Schiavone makes history at French Open

Amid scenes of near delirium amongst her supporters, Francesca Schiavone became the first Italian woman ever to win a Grand Slam title when she upset the Australian favorite Sam Stosur 6-4, 7-6 (2) here at Roland Garros on a day of dynamic tennis and high emotion.

After falling flat on her back and then kissing the clay, a disheveled Schiavone embraced her opponent before climbing precariously into the stands to disappear under a welter of back-slapping arms. Wet with tears and wreathed in smiles, her coaches, trainers and friends hugged and kissed this amazing 29-year-old who has worked long and hard for her day in the sun. And, oh, how she embraced it.

Recalling the deciding tiebreak, Schiavone said, “I was feeling much more energy, more and more and more. I couldn’t stop it. I really felt that it was my moment. I took it. I didn’t care about nothing. I wanted to take that point and play my tennis. It was the moment.”

Talk about the force being with you. I have rarely seen a newcomer to this level of Grand Slam tennis so revved, focused and driven. Stosur is strong but it would have taken a 10-ton truck to stop this woman becoming champion.

Amazingly, these two played in the first round here last year and Stosur won. Lessons learned, Schiavone threw caution to the wind and launched into an aggressive game plan that swept her to a memorable victory.

"I never change my mind, it was all so clear for me,” she said after bouncing into her press conference and throwing her arms in the air when the cup was placed in front of her.

Corrado Barazzutti, the Italian Fed Cup captain and former top 10 player who acts as her unofficial coach, said, “I told her you have to be brave. You have to take risks. You have to go out there and do something special. This is not a little tournament. This is Roland Garros. Something extraordinary is needed.”

Schiavone, who had only won three WTA titles in her entire career, listened. Settling her nerves by throwing herself into the action, this wiry athlete looked the livelier of the two from the start. Stosur, though, was never in trouble on her serve until the Italian pounced at 4-4, scoring with a volley to take herself to 0-40 and then watching Stosur double fault her way out of the game.

Undaunted by going 0-30 down when serving for the set, Schiavone even shrugged off the loss of a set point when Stosur came up with a couple of magnificent, deep forehands in a hard-hitting rally. But, on the second, the pressure told and Stosur netted a backhand to lose it.

To her credit, Stosur — who had made her break through by reaching the semifinal so unexpectedly here last year — kept serving well and went after the Italian defenses with her big forehand. Her reward was a break in the fourth game and when she held to love, Stosur found herself leading 4-1.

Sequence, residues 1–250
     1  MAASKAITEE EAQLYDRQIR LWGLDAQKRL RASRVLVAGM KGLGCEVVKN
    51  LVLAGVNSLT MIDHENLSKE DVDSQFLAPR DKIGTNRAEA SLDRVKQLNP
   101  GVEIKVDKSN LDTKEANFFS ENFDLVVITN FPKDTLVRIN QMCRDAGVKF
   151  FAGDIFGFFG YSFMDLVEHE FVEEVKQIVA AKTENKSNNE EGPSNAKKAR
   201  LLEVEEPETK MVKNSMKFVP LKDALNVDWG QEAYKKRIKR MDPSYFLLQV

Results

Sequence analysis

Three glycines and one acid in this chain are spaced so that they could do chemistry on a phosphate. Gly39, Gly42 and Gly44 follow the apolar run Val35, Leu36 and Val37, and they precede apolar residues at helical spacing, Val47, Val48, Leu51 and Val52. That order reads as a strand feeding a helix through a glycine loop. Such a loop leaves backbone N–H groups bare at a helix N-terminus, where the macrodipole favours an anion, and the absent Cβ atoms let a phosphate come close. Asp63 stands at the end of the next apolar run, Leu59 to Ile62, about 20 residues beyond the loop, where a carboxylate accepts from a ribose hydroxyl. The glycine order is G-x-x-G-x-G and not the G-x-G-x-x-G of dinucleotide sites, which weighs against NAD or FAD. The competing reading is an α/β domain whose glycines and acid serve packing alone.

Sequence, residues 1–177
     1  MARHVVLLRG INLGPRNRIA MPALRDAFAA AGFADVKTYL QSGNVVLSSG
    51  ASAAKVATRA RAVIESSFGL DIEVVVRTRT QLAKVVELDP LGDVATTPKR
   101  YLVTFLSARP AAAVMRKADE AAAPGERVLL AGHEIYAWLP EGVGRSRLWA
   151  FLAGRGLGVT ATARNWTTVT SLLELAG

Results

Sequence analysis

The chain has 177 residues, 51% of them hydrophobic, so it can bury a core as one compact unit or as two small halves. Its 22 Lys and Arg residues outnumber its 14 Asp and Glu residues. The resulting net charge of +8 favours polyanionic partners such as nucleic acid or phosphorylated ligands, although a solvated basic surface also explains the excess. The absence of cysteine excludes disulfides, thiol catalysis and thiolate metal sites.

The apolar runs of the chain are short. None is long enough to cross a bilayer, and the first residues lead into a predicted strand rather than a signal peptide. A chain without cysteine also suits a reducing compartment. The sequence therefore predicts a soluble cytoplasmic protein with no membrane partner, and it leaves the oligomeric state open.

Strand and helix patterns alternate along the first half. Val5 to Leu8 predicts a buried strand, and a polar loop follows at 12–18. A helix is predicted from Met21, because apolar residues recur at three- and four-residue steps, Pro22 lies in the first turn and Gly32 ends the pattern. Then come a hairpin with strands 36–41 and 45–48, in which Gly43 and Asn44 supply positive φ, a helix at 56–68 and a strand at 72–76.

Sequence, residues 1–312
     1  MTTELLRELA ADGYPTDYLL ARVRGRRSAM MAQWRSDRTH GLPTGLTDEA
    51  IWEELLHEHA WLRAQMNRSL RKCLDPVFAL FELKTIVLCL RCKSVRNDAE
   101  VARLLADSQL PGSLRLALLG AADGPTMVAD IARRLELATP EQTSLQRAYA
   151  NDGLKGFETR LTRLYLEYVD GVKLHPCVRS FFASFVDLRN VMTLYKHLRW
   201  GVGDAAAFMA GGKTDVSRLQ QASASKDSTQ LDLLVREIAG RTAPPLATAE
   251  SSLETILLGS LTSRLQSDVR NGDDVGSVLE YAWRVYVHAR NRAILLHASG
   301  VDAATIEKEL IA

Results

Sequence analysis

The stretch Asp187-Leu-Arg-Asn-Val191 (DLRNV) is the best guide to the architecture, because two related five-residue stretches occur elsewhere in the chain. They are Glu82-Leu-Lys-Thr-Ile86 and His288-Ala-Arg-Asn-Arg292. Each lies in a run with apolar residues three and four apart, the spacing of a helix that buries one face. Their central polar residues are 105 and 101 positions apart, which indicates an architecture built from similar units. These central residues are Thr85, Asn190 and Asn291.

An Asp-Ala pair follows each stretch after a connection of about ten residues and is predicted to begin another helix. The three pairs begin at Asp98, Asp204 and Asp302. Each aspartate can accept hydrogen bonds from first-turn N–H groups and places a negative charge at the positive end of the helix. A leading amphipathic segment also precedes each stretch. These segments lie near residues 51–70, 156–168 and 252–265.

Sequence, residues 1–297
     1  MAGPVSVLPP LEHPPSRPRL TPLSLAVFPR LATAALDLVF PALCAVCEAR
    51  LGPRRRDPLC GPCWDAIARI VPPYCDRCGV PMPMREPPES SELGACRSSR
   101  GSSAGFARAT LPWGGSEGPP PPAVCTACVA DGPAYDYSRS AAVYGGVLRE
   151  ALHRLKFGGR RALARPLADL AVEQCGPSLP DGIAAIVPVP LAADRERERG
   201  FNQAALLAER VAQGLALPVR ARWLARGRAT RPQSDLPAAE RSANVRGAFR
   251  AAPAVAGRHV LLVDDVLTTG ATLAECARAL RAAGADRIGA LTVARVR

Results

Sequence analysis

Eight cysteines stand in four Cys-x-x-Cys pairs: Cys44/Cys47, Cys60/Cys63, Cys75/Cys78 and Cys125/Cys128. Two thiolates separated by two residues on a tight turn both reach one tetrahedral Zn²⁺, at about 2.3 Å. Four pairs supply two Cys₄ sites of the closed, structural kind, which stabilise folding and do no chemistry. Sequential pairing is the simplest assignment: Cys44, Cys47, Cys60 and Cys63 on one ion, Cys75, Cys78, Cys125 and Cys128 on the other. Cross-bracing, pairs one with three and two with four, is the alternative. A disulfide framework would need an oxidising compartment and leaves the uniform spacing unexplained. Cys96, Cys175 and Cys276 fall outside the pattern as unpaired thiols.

Despite shouts of “Aussie, Aussie” from sections of the crowd, their player could not hold on to her advantage. The pressure Schiavone was piling on her was just too great. A forehand service return winner set up the break back and the decisive point in the tiebreak came at 2-2. An awkward sliced service return dropped short; Stosur raced in to play a drop shot off it, but Schiavone was there to make the pass.

But there were many noteworthy statistics attached to this encounter. For the first time in the Open era, both finalists were appearing in a Grand Slam final for the first time. And Schiavone, at 29 years and 11 months, became the second oldest woman in the Open era to win her first Grand Slam since 1968. Ann Jones of Britain had been 30 years and eight months when she won Wimbledon in 1969. And both players’ improvement over the past year was clearly demonstrated by their upwardly mobile rankings. In the intervening months Stosur’s ranking had moved from No. 32 to 7 while Schiavone had risen from 50 to 17.

Stosur took her defeat like a true blue Aussie: “Right now it’s not easy and I really wish I had won,” she said. “I still don’t think I played bad but she went for it and everything came off. You know, it takes guts to do that and she did it. You just got to say, ‘Too good’. I think she’s a very nice person. She’s a great competitor on and off the court.”

Somehow Schiavone managed to remain coherent amidst a slightly chaotic conference. Referring to her supporters who crowded the players lounge after the match, she said, “When I saw them I say ‘What are you doing here? Oh, we took a car, they said. We came 10 hours’. I said, ‘You’re crazy’. They are all my friends from when I was two, three years old.”

Schiavone looked serious for a moment when asked if she had always believed she could win Roland Garros.

“I always dream, yes. I always believe in myself. Not just about the tournament but just in myself. This means that everybody has the chance to be who you really want to be and to do everything in your life. This is what’s happened to me.”

She had needed that belief to set such ambitious tactics and follow them to the letter. She volleyed so well because every sortie to the net, save for the last, was set up by a near-perfect approach shot. It was an exhilarating performance and it has given women’s tennis a lift.

On a hot, sunny day in Paris a group of Italians had dared to arrive wearing T-shirts which read, “Schiavone: Nothing is Impossible.”

Now we know.